Hurricane season may have officially started on June 1, but the riskiest part of the season is only just beginning, said NOAA scientists.
Find out everything there is to know about natural disasters and stay updated on the latest weather news with the comprehensive articles, interactive features and natural disaster pictures at LiveScience. Learn more about devastation caused by weather as scientists continue to make amazing discoveries about natural disasters.
A massive megathrust earthquake could strike the densely populated region around Bangladesh and east India, putting millions of lives at risk.
They may have happened within days of one another, but the devastating earthquakes in Japan had nothing to do with the strong temblor that struck Ecuador over the weekend, experts say.
Can you outrun a supervolcano? New evidence from an ancient eruption suggests the answer is a surprising yes, at least for some of the best athletes. And if you have a car, you're golden as well.
A 7.8-magnitude earthquake struck off the coast of Sumatra, an island in western Indonesia, according to the U.S. Geological Survey (USGS).
In New Orleans, stormy weather on Tuesday (Feb. 23) created a unique phenomenon over Lake Pontchartrain: three simultaneous waterspouts whirling across the water.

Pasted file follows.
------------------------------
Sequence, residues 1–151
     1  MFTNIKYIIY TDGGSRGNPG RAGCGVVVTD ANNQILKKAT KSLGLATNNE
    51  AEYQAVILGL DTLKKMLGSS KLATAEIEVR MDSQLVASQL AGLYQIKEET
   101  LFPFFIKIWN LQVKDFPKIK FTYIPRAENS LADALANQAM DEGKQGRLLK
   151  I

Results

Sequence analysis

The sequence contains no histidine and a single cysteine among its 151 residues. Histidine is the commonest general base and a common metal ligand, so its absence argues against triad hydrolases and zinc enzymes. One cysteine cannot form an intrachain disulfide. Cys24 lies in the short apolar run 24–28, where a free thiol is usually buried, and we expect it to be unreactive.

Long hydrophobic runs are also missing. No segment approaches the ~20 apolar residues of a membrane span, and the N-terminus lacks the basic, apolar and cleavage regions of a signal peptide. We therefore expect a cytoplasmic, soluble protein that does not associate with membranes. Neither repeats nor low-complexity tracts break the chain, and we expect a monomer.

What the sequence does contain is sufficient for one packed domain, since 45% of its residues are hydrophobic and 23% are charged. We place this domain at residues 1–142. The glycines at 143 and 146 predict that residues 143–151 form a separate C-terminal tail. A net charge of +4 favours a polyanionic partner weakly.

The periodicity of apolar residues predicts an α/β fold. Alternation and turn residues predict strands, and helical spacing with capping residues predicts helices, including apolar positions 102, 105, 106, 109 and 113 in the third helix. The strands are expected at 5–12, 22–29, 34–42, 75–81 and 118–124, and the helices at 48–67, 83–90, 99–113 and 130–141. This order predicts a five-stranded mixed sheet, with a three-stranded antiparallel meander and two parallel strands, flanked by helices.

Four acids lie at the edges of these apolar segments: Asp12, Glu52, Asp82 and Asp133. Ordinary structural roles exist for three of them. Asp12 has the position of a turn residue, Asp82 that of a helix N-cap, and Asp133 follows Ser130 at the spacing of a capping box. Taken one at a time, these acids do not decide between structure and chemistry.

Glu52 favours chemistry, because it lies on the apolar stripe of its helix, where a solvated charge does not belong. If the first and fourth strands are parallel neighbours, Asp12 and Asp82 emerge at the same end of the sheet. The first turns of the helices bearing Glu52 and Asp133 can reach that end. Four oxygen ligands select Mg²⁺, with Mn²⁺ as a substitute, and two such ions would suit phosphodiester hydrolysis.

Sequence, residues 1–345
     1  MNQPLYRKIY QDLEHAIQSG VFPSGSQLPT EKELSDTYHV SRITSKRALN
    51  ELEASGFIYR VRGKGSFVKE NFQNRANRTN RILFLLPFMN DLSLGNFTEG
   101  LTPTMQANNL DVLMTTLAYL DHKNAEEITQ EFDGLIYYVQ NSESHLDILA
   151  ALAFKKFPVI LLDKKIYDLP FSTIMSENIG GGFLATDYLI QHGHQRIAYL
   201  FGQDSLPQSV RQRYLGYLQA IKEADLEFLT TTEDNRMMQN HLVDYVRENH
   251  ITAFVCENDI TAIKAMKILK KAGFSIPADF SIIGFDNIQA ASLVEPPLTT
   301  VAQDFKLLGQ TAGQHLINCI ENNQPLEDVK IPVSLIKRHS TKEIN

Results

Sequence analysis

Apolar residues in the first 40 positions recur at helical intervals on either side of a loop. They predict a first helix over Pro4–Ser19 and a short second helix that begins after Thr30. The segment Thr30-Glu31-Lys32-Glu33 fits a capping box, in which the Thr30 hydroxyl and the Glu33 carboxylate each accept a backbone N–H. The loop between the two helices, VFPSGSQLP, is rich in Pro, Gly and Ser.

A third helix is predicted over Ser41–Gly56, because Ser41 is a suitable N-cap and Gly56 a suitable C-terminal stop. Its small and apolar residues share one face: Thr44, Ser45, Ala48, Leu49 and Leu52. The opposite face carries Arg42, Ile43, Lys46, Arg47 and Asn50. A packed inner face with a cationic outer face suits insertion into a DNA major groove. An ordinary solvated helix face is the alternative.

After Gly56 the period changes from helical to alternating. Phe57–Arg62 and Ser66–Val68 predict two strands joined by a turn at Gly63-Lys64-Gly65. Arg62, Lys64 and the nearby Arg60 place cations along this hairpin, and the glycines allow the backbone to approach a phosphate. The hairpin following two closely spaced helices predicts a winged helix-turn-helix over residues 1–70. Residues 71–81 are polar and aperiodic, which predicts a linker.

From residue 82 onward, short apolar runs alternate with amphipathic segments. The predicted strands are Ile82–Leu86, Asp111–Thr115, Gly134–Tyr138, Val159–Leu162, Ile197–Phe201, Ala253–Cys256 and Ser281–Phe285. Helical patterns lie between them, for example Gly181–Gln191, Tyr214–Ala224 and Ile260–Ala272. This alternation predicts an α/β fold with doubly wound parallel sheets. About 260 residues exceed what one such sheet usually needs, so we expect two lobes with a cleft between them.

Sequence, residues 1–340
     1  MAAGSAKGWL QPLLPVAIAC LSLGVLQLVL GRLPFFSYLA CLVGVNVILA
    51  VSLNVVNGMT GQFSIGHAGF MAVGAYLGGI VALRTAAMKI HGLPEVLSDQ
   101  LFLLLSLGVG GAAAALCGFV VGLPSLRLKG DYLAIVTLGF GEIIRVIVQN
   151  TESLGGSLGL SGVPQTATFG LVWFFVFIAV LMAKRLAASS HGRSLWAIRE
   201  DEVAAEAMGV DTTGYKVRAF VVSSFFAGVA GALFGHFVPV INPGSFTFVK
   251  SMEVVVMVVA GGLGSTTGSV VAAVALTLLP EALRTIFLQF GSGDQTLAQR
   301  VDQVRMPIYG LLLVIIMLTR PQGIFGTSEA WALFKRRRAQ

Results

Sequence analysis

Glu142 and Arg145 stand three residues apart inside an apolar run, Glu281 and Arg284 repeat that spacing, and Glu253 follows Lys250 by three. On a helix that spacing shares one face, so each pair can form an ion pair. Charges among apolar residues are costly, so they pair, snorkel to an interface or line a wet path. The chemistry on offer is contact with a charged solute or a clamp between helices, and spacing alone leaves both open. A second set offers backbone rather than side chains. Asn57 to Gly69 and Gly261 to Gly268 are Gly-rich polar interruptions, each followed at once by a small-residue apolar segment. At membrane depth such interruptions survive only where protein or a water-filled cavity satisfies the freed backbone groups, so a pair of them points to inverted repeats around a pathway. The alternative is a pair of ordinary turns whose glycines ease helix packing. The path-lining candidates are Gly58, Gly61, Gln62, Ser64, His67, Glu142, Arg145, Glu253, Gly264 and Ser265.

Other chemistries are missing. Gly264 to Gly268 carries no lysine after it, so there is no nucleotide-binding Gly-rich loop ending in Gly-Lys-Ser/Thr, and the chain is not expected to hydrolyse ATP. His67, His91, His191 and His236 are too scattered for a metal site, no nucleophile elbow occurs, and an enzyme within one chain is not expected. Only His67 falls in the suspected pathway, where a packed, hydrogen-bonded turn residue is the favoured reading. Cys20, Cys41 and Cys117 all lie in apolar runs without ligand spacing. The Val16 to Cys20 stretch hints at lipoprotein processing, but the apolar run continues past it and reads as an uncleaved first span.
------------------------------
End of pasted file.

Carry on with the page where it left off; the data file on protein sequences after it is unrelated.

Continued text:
The global "Doomsday Clock," which shows how close humans are to global catastrophe, is set to 3 minutes to midnight
A magical new device sounds like something out of a Harry Potter movie, but it's real technology that could benefit people in remote areas.
Many of the people who were injured from the 6.0-magnitude earthquake in Napa, California, last year were actually hurt during the cleanup effort, after the quake was over, according to a new study.
Giant rocks stacked in seemingly gravity-defying poses could indicate that earthquakes on the San Andreas Fault can jump to another major fault in Southern California.
Old concrete is not known for standing up to earthquakes, but retrofits made with carbon fiber and shape memory alloy may change that assumption.
A network of undersea faults off the coast of Southern California could produce huge quakes that could send tsunami waves crashing into Los Angeles, new research suggests.
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